Sand mining is regulated, but its difficult to enforce regulations when it is so easy for individuals to gather sand in their local river. For this reason, India's sand mafia differs from a traditional mafia in the sense that its much more distributed and less hierarchical. Illegal sand mining can be carried out independently or as part of small group of sand miners. One can participate in the illegal sand mining industry by mining directly, transporting the material, accepting bribes to ignore the law, acting as a middleman between the miners and developers, and so on.
A Ganges River dolphin swimming near Bangladesh. Image source: worldwildlife.org
However, sand mining also includes individuals we would think of as more traditional gangsters. For instance, consider how one man who owned an illegal sand mining operation described encounters with the police in an interview with The New York Times: "If there are a lot of police and only a few men, then we run. […] If the police are few and the men are many, then we get into it with them. We fire shot for shot."
Violence is not uncommon in the illegal sand mining trade. Another individual, Paleram Chauhan, 52, was shot dead after speaking out against the sand mining that was going on in his village. His son, Akaash Chauhan, decided to continue his father's crusade against the illegal sand mining industry. "My father's fight has become my fight," he told the Australian Broadcasting Corporation. "Sand mining is ongoing — my father was against it, I am against it and so is my family."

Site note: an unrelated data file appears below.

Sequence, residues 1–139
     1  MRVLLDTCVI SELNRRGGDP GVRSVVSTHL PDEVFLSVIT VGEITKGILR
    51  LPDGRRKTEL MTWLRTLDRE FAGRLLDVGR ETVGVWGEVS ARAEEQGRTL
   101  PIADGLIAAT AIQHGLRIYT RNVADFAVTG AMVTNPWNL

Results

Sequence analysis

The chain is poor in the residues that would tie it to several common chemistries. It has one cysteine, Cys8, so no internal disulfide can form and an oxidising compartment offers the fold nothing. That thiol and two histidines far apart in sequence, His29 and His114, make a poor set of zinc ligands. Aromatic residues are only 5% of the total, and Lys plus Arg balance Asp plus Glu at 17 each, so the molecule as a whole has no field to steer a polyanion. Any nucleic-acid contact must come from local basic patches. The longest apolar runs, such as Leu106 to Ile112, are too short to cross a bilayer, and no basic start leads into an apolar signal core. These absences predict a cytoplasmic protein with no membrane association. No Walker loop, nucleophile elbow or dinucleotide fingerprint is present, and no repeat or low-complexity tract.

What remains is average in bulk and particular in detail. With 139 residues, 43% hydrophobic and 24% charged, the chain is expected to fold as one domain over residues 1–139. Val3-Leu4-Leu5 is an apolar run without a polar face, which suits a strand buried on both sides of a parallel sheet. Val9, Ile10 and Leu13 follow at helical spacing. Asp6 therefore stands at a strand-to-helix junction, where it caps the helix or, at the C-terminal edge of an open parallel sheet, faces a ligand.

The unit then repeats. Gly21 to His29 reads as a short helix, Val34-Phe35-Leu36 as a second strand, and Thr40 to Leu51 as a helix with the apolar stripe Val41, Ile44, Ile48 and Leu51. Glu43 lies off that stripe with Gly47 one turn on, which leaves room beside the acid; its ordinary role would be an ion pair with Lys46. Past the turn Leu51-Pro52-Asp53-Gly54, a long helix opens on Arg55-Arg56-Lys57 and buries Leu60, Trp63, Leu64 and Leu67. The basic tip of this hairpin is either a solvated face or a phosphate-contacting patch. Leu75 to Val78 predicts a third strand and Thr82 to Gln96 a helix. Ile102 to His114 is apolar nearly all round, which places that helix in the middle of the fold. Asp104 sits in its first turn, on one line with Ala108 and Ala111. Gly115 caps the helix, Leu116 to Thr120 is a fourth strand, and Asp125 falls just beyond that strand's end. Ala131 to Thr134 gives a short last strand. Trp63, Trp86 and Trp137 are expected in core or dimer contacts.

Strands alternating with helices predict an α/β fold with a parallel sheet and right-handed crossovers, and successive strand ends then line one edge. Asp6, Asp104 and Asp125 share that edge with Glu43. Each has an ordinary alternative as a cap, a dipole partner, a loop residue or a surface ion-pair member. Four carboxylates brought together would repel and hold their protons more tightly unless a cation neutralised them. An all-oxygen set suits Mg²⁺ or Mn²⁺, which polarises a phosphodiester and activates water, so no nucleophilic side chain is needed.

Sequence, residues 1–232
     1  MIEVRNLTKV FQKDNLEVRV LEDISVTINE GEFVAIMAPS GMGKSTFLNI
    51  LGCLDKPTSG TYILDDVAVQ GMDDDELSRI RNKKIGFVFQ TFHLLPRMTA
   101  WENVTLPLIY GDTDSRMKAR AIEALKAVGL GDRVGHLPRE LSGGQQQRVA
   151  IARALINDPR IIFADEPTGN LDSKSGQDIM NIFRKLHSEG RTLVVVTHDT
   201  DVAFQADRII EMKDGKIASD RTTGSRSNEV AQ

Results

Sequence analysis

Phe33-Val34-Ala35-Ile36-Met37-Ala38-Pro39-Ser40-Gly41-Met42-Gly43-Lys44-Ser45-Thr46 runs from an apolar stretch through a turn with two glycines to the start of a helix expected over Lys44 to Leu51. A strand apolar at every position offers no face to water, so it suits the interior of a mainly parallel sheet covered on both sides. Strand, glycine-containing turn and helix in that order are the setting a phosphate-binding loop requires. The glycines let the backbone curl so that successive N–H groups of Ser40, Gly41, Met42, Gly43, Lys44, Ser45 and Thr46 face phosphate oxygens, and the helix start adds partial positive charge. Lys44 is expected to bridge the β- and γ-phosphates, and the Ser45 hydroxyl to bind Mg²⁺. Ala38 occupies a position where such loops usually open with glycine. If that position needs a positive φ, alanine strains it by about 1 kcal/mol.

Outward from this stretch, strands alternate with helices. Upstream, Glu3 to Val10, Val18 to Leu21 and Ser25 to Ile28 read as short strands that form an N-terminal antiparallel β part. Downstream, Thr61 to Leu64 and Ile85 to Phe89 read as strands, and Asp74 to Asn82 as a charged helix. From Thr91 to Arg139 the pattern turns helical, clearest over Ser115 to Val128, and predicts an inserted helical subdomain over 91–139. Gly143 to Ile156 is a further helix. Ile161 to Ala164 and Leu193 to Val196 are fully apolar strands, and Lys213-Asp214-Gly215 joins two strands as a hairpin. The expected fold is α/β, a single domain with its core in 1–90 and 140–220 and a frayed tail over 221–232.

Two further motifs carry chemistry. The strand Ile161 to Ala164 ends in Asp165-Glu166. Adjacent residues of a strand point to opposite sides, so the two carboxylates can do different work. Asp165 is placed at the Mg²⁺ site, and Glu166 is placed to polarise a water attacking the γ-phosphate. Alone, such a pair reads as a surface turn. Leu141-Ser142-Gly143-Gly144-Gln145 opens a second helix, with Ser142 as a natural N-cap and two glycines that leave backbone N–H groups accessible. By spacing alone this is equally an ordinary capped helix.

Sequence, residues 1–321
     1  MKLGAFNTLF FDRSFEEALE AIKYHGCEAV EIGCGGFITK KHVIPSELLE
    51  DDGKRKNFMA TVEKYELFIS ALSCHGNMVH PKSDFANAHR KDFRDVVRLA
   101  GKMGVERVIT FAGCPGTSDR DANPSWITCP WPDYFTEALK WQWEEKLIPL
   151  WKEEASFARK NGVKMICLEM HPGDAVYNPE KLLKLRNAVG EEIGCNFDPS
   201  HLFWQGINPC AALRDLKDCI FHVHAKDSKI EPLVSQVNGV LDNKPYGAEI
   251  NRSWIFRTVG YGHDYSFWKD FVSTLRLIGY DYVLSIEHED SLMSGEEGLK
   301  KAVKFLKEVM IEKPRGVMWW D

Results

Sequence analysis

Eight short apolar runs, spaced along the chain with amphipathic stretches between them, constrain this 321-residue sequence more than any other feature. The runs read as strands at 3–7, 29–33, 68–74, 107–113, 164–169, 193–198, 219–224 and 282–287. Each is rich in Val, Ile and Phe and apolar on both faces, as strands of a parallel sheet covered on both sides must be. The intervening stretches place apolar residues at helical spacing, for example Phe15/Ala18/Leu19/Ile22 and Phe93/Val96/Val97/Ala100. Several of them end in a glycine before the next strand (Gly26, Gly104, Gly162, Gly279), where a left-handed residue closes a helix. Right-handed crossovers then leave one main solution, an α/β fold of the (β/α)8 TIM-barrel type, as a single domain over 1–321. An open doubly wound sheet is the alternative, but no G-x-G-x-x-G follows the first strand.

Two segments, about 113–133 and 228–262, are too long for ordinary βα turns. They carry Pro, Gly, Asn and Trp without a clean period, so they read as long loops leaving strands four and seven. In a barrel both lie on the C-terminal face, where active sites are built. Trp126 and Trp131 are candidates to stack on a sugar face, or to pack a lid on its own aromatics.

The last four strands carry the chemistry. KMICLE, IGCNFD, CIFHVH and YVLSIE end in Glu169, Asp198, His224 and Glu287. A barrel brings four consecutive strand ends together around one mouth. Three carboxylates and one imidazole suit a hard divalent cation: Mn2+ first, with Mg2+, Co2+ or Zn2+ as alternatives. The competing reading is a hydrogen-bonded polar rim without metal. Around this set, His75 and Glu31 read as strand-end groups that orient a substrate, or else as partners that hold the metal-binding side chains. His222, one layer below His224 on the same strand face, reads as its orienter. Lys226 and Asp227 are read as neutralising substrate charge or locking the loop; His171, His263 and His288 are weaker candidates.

A lucrative industry
Indian laborers extract sand from the Meshwo river bed, near Mahemdabad.
Photo credit: SAM PANTHAKY / AFP / Getty Images
There's good reason illegal sand mining is so violently defended. Conservatively, the illegal sand mining industry is worth $250 million a year, which translates to significant sums for workers who would only receive poor wages elsewhere. One individual who had worked at a bank was paid 400 rupees per day, or $5. Working in the middle of the night, mining and carting away sand netted him five times that amount, a sum of money that goes a long way in impoverished Indian communities.
Sand mining is a necessary practice that will continue so long as there are buildings to be made. In India, there is enough sand to do so in a sustainable way when mining is targeted at the right areas, but corruption makes enforcing industry regulations quite difficult. At humanity's current population and industrial scale, even extracting something as ubiquitous as sand can have drastic environmental consequences, underscoring the need for effective regulation.
A Mercury-bound spacecraft's noisy flyby of our home planet.
- There is no sound in space, but if there was, this is what it might sound like passing by Earth.
- A spacecraft bound for Mercury recorded data while swinging around our planet, and that data was converted into sound.